The thesis focus on two problems about pseudorandom constructions.
The first problem is how to compute pseudorandom constructions by constant depth circuits. Pseudorandom constructions are deterministic functions which are used to substitute random constructions in various computational tasks. Constant depth circuits here refer to the computation model which can compute functions using circuits of AND , OR and negation gates, with constant depth, unbounded fan-in, taking function inputs by input wires and giving function outputs by output wires. They can be simulated by fast parallel algorithms. We study such constructions mainly for randomness extractors, secret sharing schemes and their applications. Randomness extractors are functions which transform biased random bits to uniform ones. They can be used to recycle random bits in computations if there are some entropies remaining. Secret sharing schemes efficiently share secrets among multi-parties s.t. the collusion of a bounded number of parties cannot recover any information of the secret while a certain larger number of parties can recover the secret. Our work constructs these objects with near optimal parameters and explores their applications.
The second problem is about applying pseudorandom constructions to build error correcting codes (ECCs) for edit distance. ECCs project messages to codewords in a metric space s.t. one can recover the codewords even if there are bounded number of errors which can drive the codeword away by some bounded distance. They are widely used in both the theoretical and practical part of computer science. Classic errors are hamming errors which are substitutions and erasures of symbols. They are well studied by numerous literatures before. We consider one kind of more general errors i.e. edit errors, consists of insertions and deletions that may change the positions of symbols. Our work give explicit constructions of binary ECCs for edit errors with redundancy length near optimal. The constructions utilize document exchange protocols which can let two party synchronize their strings with bounded edit distance, by letting one party send a short sketch of its string to the other. We apply various pseudorandom constructions to get deterministic document exchange protocols from randomized ones. Then we construct ECCs using them. We also extend these constructions to handle block insertions/deletions and transpositions. All these constructions have near optimal parameters.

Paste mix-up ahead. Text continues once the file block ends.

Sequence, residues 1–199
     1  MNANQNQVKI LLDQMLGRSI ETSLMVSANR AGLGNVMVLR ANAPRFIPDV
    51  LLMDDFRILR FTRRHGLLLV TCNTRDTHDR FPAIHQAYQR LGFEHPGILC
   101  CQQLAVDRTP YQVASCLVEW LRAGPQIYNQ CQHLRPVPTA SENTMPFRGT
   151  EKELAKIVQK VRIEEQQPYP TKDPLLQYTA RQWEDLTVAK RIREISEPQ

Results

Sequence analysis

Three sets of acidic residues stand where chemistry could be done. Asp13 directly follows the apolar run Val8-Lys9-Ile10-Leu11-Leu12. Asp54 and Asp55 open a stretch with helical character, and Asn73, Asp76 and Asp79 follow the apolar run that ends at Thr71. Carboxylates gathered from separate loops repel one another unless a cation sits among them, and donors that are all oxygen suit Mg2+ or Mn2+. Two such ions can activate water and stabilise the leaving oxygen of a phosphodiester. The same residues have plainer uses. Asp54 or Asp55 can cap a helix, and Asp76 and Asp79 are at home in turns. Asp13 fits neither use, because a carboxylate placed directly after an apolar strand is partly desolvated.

I am a PhD candidate at Johns Hopkins University, Computer Science Department, advised by Xin Li.
My current research is about Randomness and Combinatorics in Computation, and their applications to Complexity Theory, Information Theory, etc. Machine Learning, Networks and other topics in Computer Science are also interesting to me.
Before Hopkins, I received a MSE degree from Tsinghua University and a B.E. degree from Shandong University.
I like playing soccer, basketball, music and travelling in my spare time.